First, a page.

Lancet, 2006; 368 (9533) doi:10.1016/S0140-6736(06)69113-7
Affiliation: Sahlgren's University Hospital, Mölndal, Sweden
Abstract: Alzheimer's disease is the most common cause of dementia. Research advances have enabled detailed understanding of the molecular pathogenesis of the hallmarks of the disease--ie, plaques, composed of amyloid beta (Abeta), and tangles, composed of hyperphosphorylated tau. However, as our knowledge increases so does our appreciation for the pathogenic complexity of the disorder. Familial Alzheimer's disease is a very rare autosomal dominant disease with early onset, caused by mutations in the amyloid precursor protein and presenilin genes, both linked to Abeta metabolism. By contrast with familial disease, sporadic Alzheimer's disease is very common with more than 15 million people affected worldwide. The cause of the sporadic form of the disease is unknown, probably because the disease is heterogeneous, caused by ageing in concert with a complex interaction of both genetic and environmental risk factors. This seminar reviews the key aspects of the disease, including epidemiology, genetics, pathogenesis, diagnosis, and treatment, as well as recent developments and controversies.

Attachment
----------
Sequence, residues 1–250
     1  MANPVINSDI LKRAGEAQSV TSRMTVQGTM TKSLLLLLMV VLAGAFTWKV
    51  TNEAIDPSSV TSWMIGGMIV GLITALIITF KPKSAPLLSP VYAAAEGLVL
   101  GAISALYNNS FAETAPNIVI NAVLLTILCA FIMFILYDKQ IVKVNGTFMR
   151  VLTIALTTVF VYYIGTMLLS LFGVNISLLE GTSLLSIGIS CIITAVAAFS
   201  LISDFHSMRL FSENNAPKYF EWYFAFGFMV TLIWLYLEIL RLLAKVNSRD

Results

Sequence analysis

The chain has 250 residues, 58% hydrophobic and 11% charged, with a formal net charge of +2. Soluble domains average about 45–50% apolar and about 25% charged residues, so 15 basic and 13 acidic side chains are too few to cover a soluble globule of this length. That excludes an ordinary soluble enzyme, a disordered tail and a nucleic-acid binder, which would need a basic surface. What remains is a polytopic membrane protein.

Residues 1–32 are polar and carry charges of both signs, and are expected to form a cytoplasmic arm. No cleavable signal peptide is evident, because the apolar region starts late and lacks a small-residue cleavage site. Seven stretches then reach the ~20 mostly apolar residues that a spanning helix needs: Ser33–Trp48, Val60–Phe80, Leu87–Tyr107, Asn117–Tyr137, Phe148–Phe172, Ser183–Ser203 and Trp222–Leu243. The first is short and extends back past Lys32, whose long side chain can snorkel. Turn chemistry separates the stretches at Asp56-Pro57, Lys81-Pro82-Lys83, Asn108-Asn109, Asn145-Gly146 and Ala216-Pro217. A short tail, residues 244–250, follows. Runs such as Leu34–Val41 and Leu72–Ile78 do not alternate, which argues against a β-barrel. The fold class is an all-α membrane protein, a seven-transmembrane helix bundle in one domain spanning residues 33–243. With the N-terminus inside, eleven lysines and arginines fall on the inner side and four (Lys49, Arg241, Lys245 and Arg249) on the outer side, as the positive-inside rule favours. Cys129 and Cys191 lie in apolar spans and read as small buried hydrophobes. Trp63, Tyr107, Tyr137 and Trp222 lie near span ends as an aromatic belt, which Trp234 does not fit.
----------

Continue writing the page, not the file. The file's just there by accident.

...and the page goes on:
The top research papers for the subject are placed on the map. Studies form clusters based on semantic relation.
Size of the point represents relevance of the paper.
You can pan and zoom the graph using mouse and mouse wheel.
Right click on the paper to:
Left click on keyword to add it to search.
Sign up to create your own map!
Life Sciences from above.
Boost your scientific endeavor by exploring the nature of your research paradigm.